Talk:Miraculous Medal

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Picture[edit]

Does anyone have a picture of the medal itself. That's what this page is about.

Fair use rationale for Image:JohnPaulIICOA.jpg[edit]

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Image:JohnPaulIICOA.jpg is being used on this article. I notice the image page specifies that the image is being used under fair use but there is no explanation or rationale as to why its use in this Wikipedia article constitutes fair use. In addition to the boilerplate fair use template, you must also write out on the image description page a specific explanation or rationale for why using this image in each article is consistent with fair use.

Please go to the image description page and edit it to include a fair use rationale. Using one of the templates at Wikipedia:Fair use rationale guideline is an easy way to insure that your image is in compliance with Wikipedia policy, but remember that you must complete the template. Do not simply insert a blank template on an image page.

If there is other fair use media, consider checking that you have specified the fair use rationale on the other images used on this page. Note that any fair use images lacking such an explanation can be deleted one week after being tagged, as described on criteria for speedy deletion. If you have any questions please ask them at the Media copyright questions page. Thank you.

BetacommandBot (talk) 21:58, 2 January 2008 (UTC)

A call for research : O MARIA vs. O REGINA[edit]

I noticed a couple months ago that there are two variants out there :

O Maria, sine labe concepta, ora pro nobis qui ad te confugimus Regina sine labe originali concepta ora pro nobis qui confugimus ad te

which of all the languages ( Control Panel is blocked on this computer so I can't download Sinhala and couldn't read it anyway outside of transliteration) having a wikipedia article, only the Latin addresses.

Now what it's looking like ( I just did some searching using Google in English ) is that "Regina" is fake, that is, it's not what IESVS commanded to St. Catherine in her vision. ( Nearly all Divine Mercy and Guadalupe images are not real either. St. Faustina's spiritual director (now a Blessed) said all but the original were fakes. She worked with IESVS and they had the face changed many times before IESVS told her it was "good enough" in so many words. Look it up. Also, the 1562 is the only real English translation of the Bible, but these are related but seperate lines of research.)

Anyhow, aside from that Latin article, every other source ( including Catholic Encyclopedia and a bunch of Religious Order websites ) give translations of the "O Mary" and NONE say "O Queen". The Italian and French articles give the ORIGINAL from the Vision as :

Ô Marie, conçue sans péché, priez pour nous qui avons recours à vous

a good-enough translation of which, which I have found being :

O Mary, conceived without sin, pray for us who have recourse to thee

Although 'thee' might be contested, as the French is using 'vous', like German 'Sie', which is more like [2.SG.PL.POL] 2nd person singular or plural polite. Most of the French and German I ever translated just didn't use 'vous' or 'Sie', or in a non-religious context where it wasn't so important. (I would propose that either 'thee' be used {it's also formal-sounding} or I actually prefer the adoption of 2.SG pronouns from Old English thu thec/the the thin Nom Acc Dat Gen because they resemble 'thee' (whereas 2.PL ge resembles no modern pronoun).)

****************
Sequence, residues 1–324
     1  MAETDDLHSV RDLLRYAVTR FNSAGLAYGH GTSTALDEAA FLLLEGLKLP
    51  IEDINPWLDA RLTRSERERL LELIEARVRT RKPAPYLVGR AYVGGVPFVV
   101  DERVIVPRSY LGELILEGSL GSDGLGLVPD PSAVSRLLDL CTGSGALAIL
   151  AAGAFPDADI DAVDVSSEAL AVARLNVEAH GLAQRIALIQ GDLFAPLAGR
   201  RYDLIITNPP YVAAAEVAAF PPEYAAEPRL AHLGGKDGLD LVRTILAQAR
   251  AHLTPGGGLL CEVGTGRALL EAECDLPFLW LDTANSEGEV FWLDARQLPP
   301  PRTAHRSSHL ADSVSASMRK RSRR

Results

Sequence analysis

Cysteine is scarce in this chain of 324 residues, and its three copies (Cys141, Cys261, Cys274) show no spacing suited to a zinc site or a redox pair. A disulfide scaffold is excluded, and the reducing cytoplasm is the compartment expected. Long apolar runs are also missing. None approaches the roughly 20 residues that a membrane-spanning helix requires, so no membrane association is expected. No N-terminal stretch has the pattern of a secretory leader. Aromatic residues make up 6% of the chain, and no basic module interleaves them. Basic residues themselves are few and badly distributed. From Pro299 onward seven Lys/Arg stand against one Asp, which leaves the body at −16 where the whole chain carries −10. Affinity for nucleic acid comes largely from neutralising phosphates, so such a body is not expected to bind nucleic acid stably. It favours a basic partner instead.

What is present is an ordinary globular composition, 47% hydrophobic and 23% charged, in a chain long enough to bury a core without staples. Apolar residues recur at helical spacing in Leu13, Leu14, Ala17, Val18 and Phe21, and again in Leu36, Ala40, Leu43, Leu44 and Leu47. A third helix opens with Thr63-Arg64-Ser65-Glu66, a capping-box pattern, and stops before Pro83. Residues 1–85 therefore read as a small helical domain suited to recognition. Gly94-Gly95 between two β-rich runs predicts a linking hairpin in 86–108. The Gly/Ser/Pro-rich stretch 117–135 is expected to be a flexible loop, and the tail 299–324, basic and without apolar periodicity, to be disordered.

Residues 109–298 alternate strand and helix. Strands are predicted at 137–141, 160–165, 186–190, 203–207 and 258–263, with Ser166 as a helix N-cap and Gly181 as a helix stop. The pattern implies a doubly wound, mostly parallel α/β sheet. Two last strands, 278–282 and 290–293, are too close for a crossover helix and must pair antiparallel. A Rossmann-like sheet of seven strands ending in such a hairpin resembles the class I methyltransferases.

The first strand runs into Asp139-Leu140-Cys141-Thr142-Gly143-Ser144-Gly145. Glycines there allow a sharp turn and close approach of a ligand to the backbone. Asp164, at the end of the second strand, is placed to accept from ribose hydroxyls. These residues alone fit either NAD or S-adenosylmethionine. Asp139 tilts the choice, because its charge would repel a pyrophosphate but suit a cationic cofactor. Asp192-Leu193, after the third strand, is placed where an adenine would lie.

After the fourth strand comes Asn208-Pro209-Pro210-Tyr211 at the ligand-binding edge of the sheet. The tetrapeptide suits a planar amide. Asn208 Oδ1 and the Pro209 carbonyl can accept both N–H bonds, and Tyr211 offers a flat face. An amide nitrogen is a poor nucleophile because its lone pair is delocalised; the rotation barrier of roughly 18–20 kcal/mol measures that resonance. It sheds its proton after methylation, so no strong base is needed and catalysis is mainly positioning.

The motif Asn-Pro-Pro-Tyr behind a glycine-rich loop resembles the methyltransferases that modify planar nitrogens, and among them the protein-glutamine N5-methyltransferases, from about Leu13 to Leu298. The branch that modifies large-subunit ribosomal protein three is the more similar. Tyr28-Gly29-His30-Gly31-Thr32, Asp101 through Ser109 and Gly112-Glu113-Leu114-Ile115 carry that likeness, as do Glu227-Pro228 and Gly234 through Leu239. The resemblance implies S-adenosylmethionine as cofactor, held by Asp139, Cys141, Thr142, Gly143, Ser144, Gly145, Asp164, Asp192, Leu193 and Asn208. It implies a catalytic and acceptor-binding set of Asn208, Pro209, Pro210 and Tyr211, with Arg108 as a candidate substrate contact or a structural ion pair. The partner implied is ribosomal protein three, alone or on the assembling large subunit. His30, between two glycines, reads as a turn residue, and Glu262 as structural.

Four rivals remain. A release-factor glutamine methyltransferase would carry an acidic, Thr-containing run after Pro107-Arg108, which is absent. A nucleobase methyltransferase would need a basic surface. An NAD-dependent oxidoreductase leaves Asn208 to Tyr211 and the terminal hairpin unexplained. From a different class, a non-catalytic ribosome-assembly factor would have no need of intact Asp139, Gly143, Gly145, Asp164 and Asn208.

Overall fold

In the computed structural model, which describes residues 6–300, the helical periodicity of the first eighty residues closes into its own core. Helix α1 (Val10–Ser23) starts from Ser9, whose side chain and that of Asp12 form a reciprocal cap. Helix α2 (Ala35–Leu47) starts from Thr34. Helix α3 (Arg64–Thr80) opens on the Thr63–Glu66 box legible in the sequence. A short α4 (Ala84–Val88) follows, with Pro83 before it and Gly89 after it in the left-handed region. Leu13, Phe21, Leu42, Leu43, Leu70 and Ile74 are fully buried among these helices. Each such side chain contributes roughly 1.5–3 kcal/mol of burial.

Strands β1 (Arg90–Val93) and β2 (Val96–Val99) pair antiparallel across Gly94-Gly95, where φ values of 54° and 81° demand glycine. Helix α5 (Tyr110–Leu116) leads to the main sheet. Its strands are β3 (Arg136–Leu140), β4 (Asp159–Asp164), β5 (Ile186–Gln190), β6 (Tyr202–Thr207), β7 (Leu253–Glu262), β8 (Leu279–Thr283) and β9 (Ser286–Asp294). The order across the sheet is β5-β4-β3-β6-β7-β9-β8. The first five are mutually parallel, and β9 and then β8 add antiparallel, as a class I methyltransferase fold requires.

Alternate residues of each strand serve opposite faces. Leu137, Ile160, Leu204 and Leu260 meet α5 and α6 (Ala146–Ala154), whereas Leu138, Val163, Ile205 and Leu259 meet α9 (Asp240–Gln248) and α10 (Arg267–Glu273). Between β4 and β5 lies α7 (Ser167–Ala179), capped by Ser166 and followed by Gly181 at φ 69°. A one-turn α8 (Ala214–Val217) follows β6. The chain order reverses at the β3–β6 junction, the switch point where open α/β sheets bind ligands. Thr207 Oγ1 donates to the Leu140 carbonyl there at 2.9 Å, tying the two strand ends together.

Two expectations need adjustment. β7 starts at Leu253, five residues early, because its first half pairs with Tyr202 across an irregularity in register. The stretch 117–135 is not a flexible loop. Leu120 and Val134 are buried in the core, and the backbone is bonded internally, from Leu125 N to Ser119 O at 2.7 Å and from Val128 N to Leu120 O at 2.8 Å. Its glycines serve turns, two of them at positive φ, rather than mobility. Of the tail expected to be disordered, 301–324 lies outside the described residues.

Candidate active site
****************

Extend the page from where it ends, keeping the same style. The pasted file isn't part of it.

• O MARIE ( 1562 Catholic Bible spelling ), conceived without sin, pray for us who have recourse to thec

... which looks like 'thee' but for the learned is actually 'thec' Literary English 2.SG/PL .

What I'm writing this for is to call people to research this, then put in the article what this group and that group says on it. ( In my research I found some Catholic priest on Catholic Answers or such say "it's okay". This guy really sounded like he didn't know what he was talking about. Some priests say all sorts of stuff, even some bishops (experience). That's why we have canon lawyers, etc, and even many of them are tricksters. It helps to have enough training to double-check them by-the-books, or refer to a yet higher authority in case of doubts. We need someone to say something like, "There are at least 2 variants out there, "O Maria" is original (which it is) and "O Regina" popped up in the 1920s in Haiti where local voodoo practitioners objected that the original "O Maria" conflicted with their (ab)use of Catholic Sacramentals." (I just made that up as an example, hope whatever actually happened is what you will FIND and CITE.) And everyone remember : no original research, so you've got to either find it yourself, publish it and then cite yourself OR find it in published works (online or offline) and bring it forward.

And if there isn't anything decent or thought-provoking on St. Don Bosco's Our Lady Help of Christians Medal, I think it's worth an article, so I here call for competent (nota bene, incompetenti) attention to the making of such an article. St. John Bosco has an article, and he was always passing them out and our Lady working thousands of miracles through them. It's a major aspect of St. John Bosco lore. As is St. Filumena's cord, which St. John Vianney promoted ! So some calls for new or attended-to articles there. And can someone please note on Filumena's article that the original spelling was "Filumena" and someone in England thought changing the spelling was a good idea (which it wasn't, her name is distinct in etymology etc, though related to the otherwise-attested Philomena).

Sanctusenochus (talk) 06:42, 23 May 2012 (UTC)